Goalies live in world-controlled lines – lines. They perform exercises to stabilize the body’s bones, such as snouts, squeezers, cranks and droppings.
Of course, these exercises are great for maximizing strength and stabilizing the body in most athletes, but goalkeepers must prepare their bodies for specific movements that occur during the game.
Exercises done in the front plane help the goalkeeper in lateral movements, especially in agility and in slow motion movement.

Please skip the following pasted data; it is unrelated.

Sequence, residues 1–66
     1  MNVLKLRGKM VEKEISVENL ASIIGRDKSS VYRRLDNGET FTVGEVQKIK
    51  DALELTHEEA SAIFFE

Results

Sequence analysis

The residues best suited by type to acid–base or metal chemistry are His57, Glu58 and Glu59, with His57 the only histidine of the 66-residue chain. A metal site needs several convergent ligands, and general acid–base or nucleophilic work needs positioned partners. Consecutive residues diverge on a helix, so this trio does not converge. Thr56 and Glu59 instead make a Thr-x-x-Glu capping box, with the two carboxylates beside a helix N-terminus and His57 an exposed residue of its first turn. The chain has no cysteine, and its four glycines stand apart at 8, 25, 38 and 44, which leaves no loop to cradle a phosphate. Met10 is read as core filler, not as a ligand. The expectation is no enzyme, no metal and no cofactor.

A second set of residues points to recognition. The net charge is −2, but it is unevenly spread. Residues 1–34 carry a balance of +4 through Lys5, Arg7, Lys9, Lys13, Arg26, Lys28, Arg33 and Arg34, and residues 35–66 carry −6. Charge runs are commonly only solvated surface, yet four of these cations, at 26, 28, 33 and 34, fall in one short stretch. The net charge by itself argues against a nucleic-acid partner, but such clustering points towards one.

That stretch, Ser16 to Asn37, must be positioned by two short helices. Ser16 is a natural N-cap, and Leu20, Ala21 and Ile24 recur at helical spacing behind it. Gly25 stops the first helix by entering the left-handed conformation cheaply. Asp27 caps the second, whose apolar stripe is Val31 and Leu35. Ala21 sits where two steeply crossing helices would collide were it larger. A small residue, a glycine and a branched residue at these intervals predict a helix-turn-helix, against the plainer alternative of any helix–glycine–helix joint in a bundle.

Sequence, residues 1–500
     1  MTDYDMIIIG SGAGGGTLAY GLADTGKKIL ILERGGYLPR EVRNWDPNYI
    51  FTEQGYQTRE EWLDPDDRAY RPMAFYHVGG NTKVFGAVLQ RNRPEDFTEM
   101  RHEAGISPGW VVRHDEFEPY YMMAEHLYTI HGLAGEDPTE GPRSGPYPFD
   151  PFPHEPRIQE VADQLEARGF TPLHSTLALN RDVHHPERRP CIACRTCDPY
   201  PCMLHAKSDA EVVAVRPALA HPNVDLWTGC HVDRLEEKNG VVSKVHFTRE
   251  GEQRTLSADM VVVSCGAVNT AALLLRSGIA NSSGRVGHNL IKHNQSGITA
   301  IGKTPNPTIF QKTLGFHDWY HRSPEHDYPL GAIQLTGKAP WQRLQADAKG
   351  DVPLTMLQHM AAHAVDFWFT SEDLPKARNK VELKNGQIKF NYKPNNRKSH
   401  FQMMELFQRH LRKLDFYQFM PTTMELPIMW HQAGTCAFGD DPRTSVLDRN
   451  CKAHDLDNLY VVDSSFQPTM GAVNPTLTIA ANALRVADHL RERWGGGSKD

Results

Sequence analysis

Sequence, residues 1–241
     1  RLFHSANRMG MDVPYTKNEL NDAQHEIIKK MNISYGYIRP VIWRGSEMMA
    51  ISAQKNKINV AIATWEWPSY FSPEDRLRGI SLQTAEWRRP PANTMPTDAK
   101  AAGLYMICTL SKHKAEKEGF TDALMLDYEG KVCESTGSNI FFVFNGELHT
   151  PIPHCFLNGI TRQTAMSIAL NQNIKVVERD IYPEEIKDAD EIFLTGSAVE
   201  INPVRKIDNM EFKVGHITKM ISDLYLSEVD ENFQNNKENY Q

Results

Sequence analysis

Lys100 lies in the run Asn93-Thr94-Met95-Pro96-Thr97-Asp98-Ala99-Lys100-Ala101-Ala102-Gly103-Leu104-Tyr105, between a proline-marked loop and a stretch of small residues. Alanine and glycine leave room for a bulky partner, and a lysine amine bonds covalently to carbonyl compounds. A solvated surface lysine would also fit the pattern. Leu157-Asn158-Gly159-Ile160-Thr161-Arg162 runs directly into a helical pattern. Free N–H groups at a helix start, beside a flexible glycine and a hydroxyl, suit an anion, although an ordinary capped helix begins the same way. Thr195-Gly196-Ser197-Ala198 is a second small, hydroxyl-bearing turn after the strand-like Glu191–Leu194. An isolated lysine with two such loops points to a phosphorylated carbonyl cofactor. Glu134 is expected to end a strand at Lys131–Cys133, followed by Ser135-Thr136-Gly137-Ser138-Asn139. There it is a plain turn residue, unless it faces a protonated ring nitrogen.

Goalie players must move in every direction during the game so they must be strong and dynamic to make sharp movements. We see this especially in the case of H?J obstruction of the opponent with the ball or in the one-to-one blocking movement.
For a quick change of direction with the ball and without the ball, the goalie muscles need to be ready for these front line moves.